Michael Faulkner, executive director of the Tappahannock Regional Free Clinic, has walked many paths in his life, from the roads less traveled in remote towns like Bandung, Indonesia, to bustling streets in major cities like Washington, D.C., New York, London and Paris. One constant remains throughout his many endeavors — whichever byway he chooses to tread, canine companions walk by his side.
Faulkner is a man of many and varied talents: organizational expert; successful businessman; accomplished dog breeder, handler and show judge; award-winning writer; skilled portraiture and conceptual artist; as well as a wizard with fine wine and cuisine. He is enthusiastic and adventurous in his many passions; however his heart remains firmly in the world of dogs.
This fall, he will be judging the Sporting Group finals at the Philadelphia Kennel Club’s 2015 National Dog Show Presented by Purina. The show will air on NBC over the Thanksgiving holiday. In February, he will judge herding breeds at the Westminster Kennel Club Dog Show in New York.
Faulkner, a native of upstate New York, was immersed in the world of purebred dogs from an early age. His first experiences came from helping his father, an engineer, and his mother, a florist, run their part-time kennel and breeding establishment. His aunt was also an active breeder of Collies. Faulkner traveled extensively with his family to shows all over the world. As a youngster, he was active in Junior Showmanship and soon acquired his first Golden Retriever, thus starting a lifelong love of the breed. His biggest influence and teacher in the study of dogs was Peggy Grayson, sporting dog specialist, judge and author. “She was my dog mother and mentor,” Faulkner said. He often visited Ms. Grayson at her home in Hereford, England, near the Welsh border. “She took me under her wing.” Through her guidance he learned about gun dog breeds including Spaniels, Setters, Pointers and Retrievers.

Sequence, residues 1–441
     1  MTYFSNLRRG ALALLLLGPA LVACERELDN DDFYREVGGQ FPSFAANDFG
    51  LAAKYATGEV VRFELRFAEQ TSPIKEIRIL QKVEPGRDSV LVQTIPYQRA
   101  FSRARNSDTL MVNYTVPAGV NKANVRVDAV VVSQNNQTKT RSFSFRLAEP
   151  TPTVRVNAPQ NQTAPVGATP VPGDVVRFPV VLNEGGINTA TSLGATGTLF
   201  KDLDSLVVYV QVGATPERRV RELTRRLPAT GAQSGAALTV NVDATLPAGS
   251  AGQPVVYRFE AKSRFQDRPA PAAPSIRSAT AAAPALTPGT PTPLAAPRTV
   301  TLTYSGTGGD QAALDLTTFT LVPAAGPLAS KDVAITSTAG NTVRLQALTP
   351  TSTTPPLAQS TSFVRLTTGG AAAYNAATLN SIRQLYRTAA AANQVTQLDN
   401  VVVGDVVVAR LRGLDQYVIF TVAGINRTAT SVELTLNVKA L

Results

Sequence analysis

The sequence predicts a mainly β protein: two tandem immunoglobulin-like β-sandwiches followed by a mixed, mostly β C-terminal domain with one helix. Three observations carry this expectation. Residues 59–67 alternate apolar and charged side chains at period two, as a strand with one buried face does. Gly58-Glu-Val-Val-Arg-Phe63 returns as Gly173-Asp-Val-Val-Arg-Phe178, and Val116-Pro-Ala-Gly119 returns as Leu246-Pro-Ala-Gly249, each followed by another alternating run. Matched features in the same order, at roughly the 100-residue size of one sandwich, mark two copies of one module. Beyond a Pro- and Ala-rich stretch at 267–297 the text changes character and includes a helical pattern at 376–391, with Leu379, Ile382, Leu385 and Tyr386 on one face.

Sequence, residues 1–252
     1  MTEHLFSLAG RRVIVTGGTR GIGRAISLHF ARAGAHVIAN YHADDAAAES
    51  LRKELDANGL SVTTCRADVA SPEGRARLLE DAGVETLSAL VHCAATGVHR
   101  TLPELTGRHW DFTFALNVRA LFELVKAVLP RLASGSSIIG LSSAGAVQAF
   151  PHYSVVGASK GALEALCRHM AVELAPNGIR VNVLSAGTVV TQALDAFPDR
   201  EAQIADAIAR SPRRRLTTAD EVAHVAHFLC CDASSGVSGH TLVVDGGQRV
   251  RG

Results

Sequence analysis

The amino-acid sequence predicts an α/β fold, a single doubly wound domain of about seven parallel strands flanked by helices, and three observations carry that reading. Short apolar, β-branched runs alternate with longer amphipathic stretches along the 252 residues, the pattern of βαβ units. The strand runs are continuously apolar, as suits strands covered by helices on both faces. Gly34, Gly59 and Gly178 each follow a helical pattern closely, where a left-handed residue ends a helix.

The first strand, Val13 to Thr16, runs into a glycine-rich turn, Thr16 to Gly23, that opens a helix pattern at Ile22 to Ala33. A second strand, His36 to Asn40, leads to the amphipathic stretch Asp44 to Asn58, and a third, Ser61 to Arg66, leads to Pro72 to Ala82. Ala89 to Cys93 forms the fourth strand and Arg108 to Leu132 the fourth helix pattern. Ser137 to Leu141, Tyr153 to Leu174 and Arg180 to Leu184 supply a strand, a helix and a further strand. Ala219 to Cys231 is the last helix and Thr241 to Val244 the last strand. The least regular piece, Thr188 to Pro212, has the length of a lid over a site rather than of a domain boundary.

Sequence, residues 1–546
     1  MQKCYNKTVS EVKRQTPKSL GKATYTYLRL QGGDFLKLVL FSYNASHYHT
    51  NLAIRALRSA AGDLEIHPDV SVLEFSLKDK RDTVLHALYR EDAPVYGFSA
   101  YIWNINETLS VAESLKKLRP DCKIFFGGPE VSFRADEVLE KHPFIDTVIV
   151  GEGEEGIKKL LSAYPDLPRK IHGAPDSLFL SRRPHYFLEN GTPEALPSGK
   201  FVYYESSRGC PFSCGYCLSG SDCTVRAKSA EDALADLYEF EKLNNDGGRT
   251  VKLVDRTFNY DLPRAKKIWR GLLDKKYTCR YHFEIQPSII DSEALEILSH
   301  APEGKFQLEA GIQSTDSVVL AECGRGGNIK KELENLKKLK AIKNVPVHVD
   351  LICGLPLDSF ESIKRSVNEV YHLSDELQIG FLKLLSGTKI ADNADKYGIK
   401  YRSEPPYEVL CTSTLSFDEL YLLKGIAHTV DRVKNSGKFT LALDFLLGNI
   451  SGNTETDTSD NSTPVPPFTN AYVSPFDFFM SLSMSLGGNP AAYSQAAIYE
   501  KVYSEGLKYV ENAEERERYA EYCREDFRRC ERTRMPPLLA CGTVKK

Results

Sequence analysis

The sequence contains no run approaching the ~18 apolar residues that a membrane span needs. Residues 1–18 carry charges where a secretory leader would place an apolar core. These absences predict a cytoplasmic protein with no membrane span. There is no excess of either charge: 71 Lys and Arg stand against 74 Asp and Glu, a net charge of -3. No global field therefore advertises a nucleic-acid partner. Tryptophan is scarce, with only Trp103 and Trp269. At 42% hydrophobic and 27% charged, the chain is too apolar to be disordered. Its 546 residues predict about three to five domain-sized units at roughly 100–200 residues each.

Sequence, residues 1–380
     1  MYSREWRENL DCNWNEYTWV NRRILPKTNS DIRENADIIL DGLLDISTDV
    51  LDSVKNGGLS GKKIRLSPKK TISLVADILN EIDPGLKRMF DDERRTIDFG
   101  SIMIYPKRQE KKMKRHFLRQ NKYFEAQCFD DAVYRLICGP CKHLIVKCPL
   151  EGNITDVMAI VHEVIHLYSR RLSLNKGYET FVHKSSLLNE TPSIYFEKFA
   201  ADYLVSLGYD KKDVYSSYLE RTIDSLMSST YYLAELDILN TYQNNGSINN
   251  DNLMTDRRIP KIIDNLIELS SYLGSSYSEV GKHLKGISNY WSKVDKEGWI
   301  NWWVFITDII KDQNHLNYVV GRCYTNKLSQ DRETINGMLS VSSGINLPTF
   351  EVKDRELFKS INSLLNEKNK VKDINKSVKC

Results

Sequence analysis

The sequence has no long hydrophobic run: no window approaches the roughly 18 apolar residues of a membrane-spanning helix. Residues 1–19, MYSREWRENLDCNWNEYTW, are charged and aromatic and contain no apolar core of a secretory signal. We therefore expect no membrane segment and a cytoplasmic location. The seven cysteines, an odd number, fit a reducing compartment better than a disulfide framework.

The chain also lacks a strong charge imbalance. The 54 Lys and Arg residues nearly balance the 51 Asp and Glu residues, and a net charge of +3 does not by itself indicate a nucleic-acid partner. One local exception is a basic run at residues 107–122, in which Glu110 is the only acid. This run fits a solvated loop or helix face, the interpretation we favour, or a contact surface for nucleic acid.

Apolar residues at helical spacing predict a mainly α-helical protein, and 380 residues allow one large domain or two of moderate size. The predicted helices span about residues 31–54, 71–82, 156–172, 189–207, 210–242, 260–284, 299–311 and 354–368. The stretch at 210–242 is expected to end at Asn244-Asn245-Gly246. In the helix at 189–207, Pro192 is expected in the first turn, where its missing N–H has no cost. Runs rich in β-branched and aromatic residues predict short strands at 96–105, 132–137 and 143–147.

After high school, Faulkner faced a crossroads: to continue his education or make his way in the world of canine competition. He chose to pursue his education and attended Alfred University, in Alfred, New York, where he earned a Bachelor of Fine Arts degree, and later a Master of Science degree in education. Simultaneously, he maintained a thriving breeding program and continued to show his Golden Retrievers, Field Spaniels, Springer Spaniels and Pointers. He also worked as an educator in art and entrepreneurship, in which he has a post-graduate certification from George Washington University.
During this time he met the late David White, also an educator, a man who became his partner in life and in business. Their paths first crossed at a competition in Stone Mountain, Georgia, when a Field Spaniel Faulkner was handling for his mother won Best of Breed and went on to defeat White’s Springer Spaniel in Sporting Group finals.
White and Faulkner established Woodspoint Farm, near Lexington, Kentucky, turning it into a global operation in support of purchasing, conditioning and marketing top show dogs. For more than a decade, the team dominated the Sporting Group competitions, completing championships in all the sporting breeds, along with numerous group and Best in Show winners in all seven groups. “We built a mini empire,” said Faulkner. “We did very well.”